Lawmakers criticize CIA's handling of sexual misconduct but offer few specifics

A congressional committee is criticizing the CIA’s handling of sexual misconduct allegations in its ranks, saying victims have been deterred from coming forward and were aware of “little to no accountability or punishment for the perpetrators of the assaults.”

Jim Mustian,Farnoush Amiri
Monday 22 April 2024 21:51 BST
CIA Sexual Misconduct
CIA Sexual Misconduct (Copyright 2017 The Associated Press. All rights reserved. This material may not be published, broadcast, rewritten or redistribu)

Support truly
independent journalism

Our mission is to deliver unbiased, fact-based reporting that holds power to account and exposes the truth.

Whether $5 or $50, every contribution counts.

Support us to deliver journalism without an agenda.

Louise Thomas

Louise Thomas

Editor

A congressional committee Monday criticized the CIA's handling of sexual misconduct allegations in its ranks, saying victims have been deterred from coming forward and were aware of “little to no accountability or punishment for the perpetrators of the assaults or harassment.”

After interviewing more than two dozen whistleblowers behind closed doors and reviewing more than 4,000 pages of records, the House Intelligence Committee concluded the CIA “failed to handle allegations of sexual assault and harassment within its workforce in the professional and uniform manner that such sensitive allegations warrant.”

Though the eight-page report was short on specifics, the bipartisan committee credited the spy agency for its cooperation and pointed to new legislation that provides new reporting options to victims and aims to improve transparency.

“We are absolutely committed to fostering a safe, respectful workplace environment for our employees and have taken significant steps to ensure that, both by bolstering our focus on prevention and strengthening the Agency’s handling of these issues when they arise,” the CIA said in a statement to The Associated Press.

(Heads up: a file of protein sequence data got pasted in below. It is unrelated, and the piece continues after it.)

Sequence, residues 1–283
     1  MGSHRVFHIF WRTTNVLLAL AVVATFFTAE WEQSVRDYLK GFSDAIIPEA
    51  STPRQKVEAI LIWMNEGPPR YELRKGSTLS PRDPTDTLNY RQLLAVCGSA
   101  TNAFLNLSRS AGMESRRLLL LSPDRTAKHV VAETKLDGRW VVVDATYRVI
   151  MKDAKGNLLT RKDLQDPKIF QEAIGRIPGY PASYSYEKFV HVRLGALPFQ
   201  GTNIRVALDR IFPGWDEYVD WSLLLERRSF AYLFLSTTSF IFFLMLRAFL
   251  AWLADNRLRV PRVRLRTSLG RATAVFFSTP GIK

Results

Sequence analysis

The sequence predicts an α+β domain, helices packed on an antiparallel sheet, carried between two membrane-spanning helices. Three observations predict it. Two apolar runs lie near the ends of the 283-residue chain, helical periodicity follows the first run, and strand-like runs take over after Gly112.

The investigation followed a flood of sexual misconduct complaints at CIA and what several survivors described as a campaign to keep them from speaking out by failing to ensure their anonymity and saying it could harm national security.

An AP investigation last year found the accusations ranged from lewd remarks about sexual fantasies to unwanted touching and sexual assaults. In one case, a senior manager allegedly showed up at a subordinate’s house at night with a firearm and demanded sex.

Last year, a CIA officer trainee was found guilty in Virginia of charges accusing him of assaulting a coworker with a scarf and trying to kiss her inside a stairwell at the agency's headquarters. The victim in that case was terminated earlier this year in what her attorney called a brazen act of retaliation, an accusation the CIA denied.

Still, the stairwell assault prompted a reckoning of sorts within the agency. Some of the alleged incidents went back years and took place as officers were on risky covert missions overseas.

The congressional inquiry began last spring, with staffers conducting interviews in discreet locations in the U.S. Capitol. The committee pieced together what one committee staffer described to the AP as an “extensive factual record,” which revealed a process that both the chairman and ranking member concluded was “pretty broken."

The staffer, who spoke on the condition of anonymity to detail what happened behind the scenes in the probe, said the majority and minority were a united front throughout, particularly when meeting with CIA leadership about legislative solutions and the need for a “culture change” at the spy agency.

The committee said it would continue monitoring the agency's handling of sexual misconduct, adding it's “committed to continuing to strengthen the law to address sexual assault and harassment at CIA.”

___

Mustian reported from Natchitoches, Louisiana. AP writer Joshua Goodman contributed from Miami.

___

Contact AP’s global investigative team at Investigative@ap.org or https://www.ap.org/tips/

Thank you for registering

Please refresh the page or navigate to another page on the site to be automatically logged inPlease refresh your browser to be logged in